Water: Waste Treatment
Effluent Guidelines: Proposed Rule (1998)
Note: EPA no longer updates this information, but it may be useful as a reference or resource.
Proposed Rule (1998)
Fact Sheet; EPA-821-F-98-018; December 1998
EPA is issuing a supplemental proposal for the Effluent Limitations Guidelines, Pretreatment Standards, and New Source Performance Standards for the Centralized Waste Treatment Point Source Category. This proposed regulation establishes technology-based effluent limitations guidelines for the discharge of pollutants into waters of the United States and into publicly owned treatment works (POTWs) by existing and new facilities that treat or recover any hazardous or non-hazardous industrial waste, wastewater, or used material from off-site.
Introduction to Effluent Guidelines
Effluent limitations guidelines are national regulations that establish restrictions on the discharge of pollutants to surface waters or to POTWs by specific categories of industries. The requirements are developed by EPA based on the application of specific process or treatment technologies to control pollutant discharges. Although the guidelines are based on particular technologies, EPA does not require dischargers to use these technologies. Individual facilities may meet the requirements using whatever types of treatment technologies and process changes they choose. Since 1974, EPA has promulgated effluent limitations guidelines and standards for 51 industrial categories.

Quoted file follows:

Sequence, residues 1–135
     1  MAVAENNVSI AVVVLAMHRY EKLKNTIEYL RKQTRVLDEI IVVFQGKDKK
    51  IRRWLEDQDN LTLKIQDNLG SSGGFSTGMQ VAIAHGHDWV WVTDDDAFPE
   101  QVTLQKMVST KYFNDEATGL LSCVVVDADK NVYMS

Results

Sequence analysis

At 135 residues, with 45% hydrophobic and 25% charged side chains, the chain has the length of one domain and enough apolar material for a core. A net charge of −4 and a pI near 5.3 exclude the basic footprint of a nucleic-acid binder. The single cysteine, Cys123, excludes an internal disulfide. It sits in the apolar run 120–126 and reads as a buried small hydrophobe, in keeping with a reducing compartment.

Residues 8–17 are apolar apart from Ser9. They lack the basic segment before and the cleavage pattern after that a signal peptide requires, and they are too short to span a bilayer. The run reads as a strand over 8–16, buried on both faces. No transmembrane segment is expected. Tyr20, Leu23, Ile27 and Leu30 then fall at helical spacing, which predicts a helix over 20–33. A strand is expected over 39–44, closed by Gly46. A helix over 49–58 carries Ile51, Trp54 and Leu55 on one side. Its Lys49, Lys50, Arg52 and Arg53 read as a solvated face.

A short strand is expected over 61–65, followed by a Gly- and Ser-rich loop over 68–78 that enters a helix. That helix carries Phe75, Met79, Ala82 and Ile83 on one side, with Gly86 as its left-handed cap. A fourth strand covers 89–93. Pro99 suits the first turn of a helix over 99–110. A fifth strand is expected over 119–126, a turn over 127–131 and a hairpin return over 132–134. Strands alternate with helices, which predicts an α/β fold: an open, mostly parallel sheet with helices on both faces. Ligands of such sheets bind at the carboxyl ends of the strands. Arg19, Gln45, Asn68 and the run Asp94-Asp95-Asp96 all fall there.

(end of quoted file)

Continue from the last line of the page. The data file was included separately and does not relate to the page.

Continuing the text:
On January 27, 1995 (60 FR 5465), EPA proposed regulations to reduce discharges to navigable waters of toxic, conventional and nonconventional pollutants in treated wastewater from centralized waste treatment (CWT) facilities. The Agency proposed limitations and standards for an estimated 85 facilities in three subcategories: (1) Metal-bearing waste treatment and recovery, (2) Oily waste treatment and recovery and (3) Organic waste treatment and recovery.
In September 1996 (61 FR 48806), EPA published a Notice of Data Availability, providing revised estimates of the number of facilities in the oily waste subcategory and a revised description of that subcategory.
Definition of Centralized Waste Treatment Facility
The term centralized waste treatment facility means any facility that treats or recovers any hazardous or non-hazardous industrial waste, wastewater, or used material from off-site.
The term CWT facility does not apply to facilities engaged in the following activities:
- centralized waste treatment operations in which all waste is received from off-site solely via pipeline or a fixed delivery system;
- centralized waste treatment operations at facilities which are subject to existing national effluent limitations guidelines and standards and which receive wastes from off-site for treatment or recovery that would be subject to the same national effluent limitations guidelines and standards as the on-site generated wastes;
- the treatment or recovery of off-site sanitary wastes;